Music of Swiss monasteries with trumpet marine

M. Bürgin and T. Hirsch with trumpet marines
This project of the ensemble arcimboldo was dedicated to an instrument many people heard about, but they did not really hear it: the trumpet marine. On this site you can find an article about the history of the trumpet marine by Dr. Silke Berdux (conservator of music instruments, German museum, Munich), all informations about the concert-program: "Music of Swiss monasteries with trumpet marines" and an article about the whole project and the performance practice by Thilo Hirsch. A CD recording of this outstanding project is available on the Label musiques suisses.

MGB CD 6224

sound examples

"A trumpet strung with a single string"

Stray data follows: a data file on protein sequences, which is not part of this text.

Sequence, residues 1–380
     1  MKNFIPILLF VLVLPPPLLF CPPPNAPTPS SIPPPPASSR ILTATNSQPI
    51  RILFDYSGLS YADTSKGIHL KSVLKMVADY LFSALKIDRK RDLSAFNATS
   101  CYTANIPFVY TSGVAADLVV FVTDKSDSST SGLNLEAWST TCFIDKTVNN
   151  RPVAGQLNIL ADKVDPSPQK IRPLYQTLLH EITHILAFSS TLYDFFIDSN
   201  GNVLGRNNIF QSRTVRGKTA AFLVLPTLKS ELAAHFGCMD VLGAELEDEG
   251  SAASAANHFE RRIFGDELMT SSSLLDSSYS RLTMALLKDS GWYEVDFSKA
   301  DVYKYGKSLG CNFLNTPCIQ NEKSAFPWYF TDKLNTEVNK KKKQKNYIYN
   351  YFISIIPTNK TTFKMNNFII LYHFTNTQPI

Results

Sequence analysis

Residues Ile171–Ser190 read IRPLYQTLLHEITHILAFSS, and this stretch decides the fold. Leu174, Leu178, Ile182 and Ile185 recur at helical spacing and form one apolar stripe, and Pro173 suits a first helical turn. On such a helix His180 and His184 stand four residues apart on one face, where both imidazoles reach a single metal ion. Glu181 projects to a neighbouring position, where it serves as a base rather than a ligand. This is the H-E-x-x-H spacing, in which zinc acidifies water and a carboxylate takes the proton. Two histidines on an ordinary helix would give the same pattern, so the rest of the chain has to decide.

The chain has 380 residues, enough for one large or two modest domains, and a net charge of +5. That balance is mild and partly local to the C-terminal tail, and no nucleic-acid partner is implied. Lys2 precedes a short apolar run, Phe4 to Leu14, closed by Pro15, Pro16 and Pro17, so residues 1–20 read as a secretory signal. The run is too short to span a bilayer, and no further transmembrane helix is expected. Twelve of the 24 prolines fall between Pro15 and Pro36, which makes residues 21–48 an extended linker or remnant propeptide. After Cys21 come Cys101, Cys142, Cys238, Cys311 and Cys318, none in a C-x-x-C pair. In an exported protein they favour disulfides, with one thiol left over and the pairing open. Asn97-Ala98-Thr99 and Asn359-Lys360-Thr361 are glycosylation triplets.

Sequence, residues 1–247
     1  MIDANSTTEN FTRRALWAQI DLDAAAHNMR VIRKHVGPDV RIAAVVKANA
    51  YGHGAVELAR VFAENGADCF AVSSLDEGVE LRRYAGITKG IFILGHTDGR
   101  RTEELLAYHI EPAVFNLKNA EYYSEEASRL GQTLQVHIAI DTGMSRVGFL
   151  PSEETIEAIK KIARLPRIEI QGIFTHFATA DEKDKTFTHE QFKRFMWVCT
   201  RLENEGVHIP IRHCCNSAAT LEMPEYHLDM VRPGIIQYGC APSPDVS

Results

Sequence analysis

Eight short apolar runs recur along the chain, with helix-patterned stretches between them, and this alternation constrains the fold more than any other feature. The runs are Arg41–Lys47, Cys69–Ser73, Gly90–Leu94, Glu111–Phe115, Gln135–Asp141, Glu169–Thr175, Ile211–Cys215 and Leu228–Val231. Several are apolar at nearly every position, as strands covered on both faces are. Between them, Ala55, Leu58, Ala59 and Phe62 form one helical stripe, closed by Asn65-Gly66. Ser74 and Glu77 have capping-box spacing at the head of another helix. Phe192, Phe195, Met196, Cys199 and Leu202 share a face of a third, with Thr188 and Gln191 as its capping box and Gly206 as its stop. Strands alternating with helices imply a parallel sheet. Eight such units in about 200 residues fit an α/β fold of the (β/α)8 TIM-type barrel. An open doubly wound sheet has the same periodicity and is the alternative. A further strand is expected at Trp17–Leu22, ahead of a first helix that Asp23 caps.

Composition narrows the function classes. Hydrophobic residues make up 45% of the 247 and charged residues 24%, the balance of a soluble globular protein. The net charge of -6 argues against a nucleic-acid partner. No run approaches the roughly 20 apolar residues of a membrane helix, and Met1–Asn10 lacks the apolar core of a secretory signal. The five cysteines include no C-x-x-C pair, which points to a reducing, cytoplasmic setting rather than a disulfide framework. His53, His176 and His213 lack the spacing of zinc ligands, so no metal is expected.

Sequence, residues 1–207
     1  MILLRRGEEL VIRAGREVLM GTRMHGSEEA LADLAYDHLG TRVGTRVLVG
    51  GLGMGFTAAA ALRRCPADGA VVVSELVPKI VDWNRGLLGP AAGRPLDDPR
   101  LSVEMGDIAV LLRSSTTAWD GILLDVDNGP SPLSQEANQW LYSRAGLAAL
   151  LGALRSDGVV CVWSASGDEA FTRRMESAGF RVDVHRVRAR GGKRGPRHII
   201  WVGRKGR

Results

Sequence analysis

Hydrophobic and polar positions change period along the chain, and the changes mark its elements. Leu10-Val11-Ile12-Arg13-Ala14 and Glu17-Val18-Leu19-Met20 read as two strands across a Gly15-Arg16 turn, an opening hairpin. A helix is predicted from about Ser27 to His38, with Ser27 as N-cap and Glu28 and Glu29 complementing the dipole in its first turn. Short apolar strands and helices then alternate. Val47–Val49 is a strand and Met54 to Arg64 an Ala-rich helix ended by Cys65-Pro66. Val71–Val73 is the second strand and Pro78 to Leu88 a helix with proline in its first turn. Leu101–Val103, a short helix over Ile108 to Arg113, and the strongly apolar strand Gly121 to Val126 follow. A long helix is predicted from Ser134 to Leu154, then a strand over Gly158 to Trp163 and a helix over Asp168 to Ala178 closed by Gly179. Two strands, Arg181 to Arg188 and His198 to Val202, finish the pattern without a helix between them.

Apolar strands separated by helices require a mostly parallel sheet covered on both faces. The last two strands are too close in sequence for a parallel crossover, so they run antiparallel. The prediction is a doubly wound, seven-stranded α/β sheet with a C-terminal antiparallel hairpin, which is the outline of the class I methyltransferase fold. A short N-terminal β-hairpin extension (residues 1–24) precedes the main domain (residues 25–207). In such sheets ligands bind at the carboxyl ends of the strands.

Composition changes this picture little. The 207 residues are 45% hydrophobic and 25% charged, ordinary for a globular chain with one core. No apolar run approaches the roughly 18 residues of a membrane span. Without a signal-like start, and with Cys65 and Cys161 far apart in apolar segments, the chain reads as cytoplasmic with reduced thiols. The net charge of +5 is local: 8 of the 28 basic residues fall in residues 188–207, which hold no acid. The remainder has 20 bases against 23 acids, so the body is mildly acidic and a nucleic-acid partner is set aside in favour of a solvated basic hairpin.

Tromba marina, trumscheit, trumpet violin, Mary's trumpet or nun's violin are different names of the instrument that is placed centre-stage on this project of the ensemble arcimboldo. Above all, it is the last of these names that has guaranteed the instrument a certain fame down to the present day, even if ­ as usual ­ this represents but a part of the historical truth. Even more than its appearance, it is the instrument's sound that makes it so peculiar. Although it is a string instrument, it sounds like a trumpet. The reason for this is its asymmetrical, shoe-shaped bridge. It is attached to the body of the instrument only at the short end, while the other hangs freely above it. When the string is made to vibrate, the longer end hits the body and thus creates the trumpet-like brassy sound.

Tromba marina-bridge after J.B. Prin, 1742

However, it is not just the sound quality of the instrument, but its range of notes that corresponds to the trumpet. For it is played only in harmonics, i.e. the string is not pressed down upon the fingerboard, but only touched at the points where harmonics occur. This activates the notes of the natural scale, which correspond to those of the trumpet.